May 3, 2011

Border controls used to address illegal fishing in Australia

Filed under: Australasia, marine, Uncategorized — inece @ 5:07 pm

Australia’s Minister for Home Affairs attributes tough border control measures to dramatic reduction in illegal foreign fishing. According to a story in the Sydney Morning Herald, the Minister told reporters that, “In 2006 there were 367 vessels, almost 3000 foreign fishers, apprehended in our waters.” However, the article notes that only eleven vessels have been intercepted so far this financial year and only 69 foreign fishers have been apprehended.

Click here for the whole story:

April 18, 2011

Consumer Electronics Industry Sets Itself Billion Pound eCycling Challenge

Filed under: Uncategorized — inece @ 2:38 pm

flickr user johnjmatlock

At an event last week in Washington, DC,  the eCycling Leadership Initiative was formed with participation from the Consumer Electronics Association, Best Buy Co. Inc., Panasonic Corporation of North America, Sony Electronics Inc. and Toshiba America Information Systems Inc., among others.

According to their press release, at the meeting, consumer electronics industry leaders kicked off the first nationwide electronics recycling initiative, with the goal of recycling a billion pounds of electronics annually by 2016. One billion pounds of obsolete electronics, if not properly recycled, would fill enough 50-foot tractor trailers to stretch 475 miles or completely fill a 71,000-seat football stadium.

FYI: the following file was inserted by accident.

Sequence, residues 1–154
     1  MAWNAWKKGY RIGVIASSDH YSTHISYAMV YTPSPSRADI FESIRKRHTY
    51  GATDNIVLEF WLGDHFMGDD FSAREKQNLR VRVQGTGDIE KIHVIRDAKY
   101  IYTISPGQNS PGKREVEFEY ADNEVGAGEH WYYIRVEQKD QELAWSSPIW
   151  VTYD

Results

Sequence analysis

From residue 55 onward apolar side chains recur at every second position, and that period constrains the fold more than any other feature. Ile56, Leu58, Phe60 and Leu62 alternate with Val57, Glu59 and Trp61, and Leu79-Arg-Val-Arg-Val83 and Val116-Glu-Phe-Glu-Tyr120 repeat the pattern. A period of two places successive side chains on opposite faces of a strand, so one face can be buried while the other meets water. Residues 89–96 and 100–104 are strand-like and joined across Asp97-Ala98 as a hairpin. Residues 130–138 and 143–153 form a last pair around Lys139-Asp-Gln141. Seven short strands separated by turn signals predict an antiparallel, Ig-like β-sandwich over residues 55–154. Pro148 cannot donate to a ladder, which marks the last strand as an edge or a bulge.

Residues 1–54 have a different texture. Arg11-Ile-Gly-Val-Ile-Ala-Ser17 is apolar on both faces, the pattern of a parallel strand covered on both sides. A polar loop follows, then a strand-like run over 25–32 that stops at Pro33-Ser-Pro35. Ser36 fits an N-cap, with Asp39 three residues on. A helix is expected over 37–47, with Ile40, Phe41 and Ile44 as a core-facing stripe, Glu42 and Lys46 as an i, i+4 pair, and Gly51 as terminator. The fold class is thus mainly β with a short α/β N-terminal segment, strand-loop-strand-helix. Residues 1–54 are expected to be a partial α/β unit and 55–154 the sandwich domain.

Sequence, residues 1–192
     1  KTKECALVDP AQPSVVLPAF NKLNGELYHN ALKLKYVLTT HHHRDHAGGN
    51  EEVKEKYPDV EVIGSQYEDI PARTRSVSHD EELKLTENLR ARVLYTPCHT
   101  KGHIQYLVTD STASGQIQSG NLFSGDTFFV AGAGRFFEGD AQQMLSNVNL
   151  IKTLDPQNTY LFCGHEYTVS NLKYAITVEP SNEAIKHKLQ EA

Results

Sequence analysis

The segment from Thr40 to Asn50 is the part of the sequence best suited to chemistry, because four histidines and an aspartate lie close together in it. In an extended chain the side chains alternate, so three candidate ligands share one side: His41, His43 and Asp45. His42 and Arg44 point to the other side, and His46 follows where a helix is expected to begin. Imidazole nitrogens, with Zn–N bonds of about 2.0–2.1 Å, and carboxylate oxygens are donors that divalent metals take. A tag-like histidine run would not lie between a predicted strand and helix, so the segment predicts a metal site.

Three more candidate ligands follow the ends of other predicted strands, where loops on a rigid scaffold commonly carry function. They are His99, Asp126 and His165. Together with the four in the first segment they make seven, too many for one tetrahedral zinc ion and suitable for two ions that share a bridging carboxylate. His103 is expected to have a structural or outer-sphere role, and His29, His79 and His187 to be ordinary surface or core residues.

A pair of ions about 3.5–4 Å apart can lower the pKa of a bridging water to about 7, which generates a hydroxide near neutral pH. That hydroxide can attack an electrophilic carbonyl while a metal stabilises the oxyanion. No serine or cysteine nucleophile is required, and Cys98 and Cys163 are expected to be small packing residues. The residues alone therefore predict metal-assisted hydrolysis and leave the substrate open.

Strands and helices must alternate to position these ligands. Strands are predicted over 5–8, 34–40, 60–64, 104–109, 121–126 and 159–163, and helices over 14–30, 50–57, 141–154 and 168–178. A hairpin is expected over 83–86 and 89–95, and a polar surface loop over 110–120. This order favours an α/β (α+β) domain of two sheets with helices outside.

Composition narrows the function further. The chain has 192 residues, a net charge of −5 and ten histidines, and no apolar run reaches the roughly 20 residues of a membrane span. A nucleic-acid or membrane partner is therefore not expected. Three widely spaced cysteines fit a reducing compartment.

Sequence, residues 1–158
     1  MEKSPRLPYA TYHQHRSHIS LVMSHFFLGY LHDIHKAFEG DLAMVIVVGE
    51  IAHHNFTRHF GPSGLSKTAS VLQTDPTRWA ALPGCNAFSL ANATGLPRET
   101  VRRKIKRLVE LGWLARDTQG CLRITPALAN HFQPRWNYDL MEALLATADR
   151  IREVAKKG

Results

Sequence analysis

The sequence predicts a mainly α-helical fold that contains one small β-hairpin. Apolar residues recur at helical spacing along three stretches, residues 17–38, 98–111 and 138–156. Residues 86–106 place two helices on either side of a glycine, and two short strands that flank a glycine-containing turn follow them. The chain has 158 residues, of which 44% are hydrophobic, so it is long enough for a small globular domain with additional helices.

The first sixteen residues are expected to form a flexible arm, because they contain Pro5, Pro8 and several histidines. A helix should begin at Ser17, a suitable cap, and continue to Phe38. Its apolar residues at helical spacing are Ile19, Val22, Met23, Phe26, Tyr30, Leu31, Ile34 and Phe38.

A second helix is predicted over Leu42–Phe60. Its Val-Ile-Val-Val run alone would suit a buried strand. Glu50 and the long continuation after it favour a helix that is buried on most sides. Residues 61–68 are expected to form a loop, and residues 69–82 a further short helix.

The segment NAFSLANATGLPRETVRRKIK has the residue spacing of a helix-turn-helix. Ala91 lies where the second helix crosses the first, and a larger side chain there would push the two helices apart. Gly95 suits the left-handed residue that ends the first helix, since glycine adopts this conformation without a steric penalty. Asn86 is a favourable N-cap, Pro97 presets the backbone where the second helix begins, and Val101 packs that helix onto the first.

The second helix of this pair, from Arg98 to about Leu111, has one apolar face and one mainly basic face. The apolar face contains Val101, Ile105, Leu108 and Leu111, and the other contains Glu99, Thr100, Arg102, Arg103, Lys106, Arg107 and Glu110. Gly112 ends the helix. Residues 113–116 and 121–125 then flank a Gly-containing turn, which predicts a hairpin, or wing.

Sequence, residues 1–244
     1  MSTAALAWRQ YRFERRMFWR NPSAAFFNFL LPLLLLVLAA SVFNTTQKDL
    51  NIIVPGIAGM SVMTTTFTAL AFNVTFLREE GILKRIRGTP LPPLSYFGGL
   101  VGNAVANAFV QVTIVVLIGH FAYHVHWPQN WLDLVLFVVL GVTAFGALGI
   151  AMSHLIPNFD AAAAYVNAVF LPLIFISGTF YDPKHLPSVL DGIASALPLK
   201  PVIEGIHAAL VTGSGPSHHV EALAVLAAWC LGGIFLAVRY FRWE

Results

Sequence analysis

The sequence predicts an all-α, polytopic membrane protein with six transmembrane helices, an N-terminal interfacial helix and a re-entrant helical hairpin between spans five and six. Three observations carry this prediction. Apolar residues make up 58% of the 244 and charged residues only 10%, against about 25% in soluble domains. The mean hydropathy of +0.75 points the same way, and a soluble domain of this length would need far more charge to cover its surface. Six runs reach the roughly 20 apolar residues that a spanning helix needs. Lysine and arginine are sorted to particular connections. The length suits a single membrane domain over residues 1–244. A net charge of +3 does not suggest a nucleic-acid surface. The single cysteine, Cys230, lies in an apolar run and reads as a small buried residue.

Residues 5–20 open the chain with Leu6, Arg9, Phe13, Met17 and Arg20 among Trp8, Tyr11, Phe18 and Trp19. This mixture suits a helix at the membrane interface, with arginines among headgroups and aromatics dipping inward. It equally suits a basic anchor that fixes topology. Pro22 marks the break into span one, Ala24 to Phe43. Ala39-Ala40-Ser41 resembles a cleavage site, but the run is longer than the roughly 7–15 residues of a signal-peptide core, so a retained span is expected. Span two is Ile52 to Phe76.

For the full article, visit:

April 12, 2011

UN Meeting Pushes for Stronger Measures to Protect Gorillas

Filed under: Uncategorized — inece @ 12:56 pm

According to reports, for the first time ever, UN agencies, national governments in the region, local wildlife authorities, non-governmental organizations and international experts came together last week at a meeting in Kigali, Rwanda, to deal with wildlife crime threatening endangered gorillas.

Experts from governments, as well as  the Great Apes Survival Partnership (GRASP), INTERPOL, the Convention on International Trade in Endangered Species (CITES), and TRAFFICjoined the Convention on Migratory Species in reviewing the current conservation activities affecting the four sub-species of gorillas in East and Central Africa.  Discussions included solutions to address the major threat of commercial poaching for bushmeat and live trade in gorillas.

For the full article, please click here:

copyright flickr user __Wichid__

March 25, 2011

Israel Approves Environmental Enforcement Law

Filed under: Uncategorized — inece @ 8:41 pm

Copyright: Yan Vugenfirer

The Environmental Enforcement Law, initiated by the Ministry of Environmental Protection, was approved for second and third readings by the Knesset Internal Affairs and Environmental Protection Committee on March 14, 2011.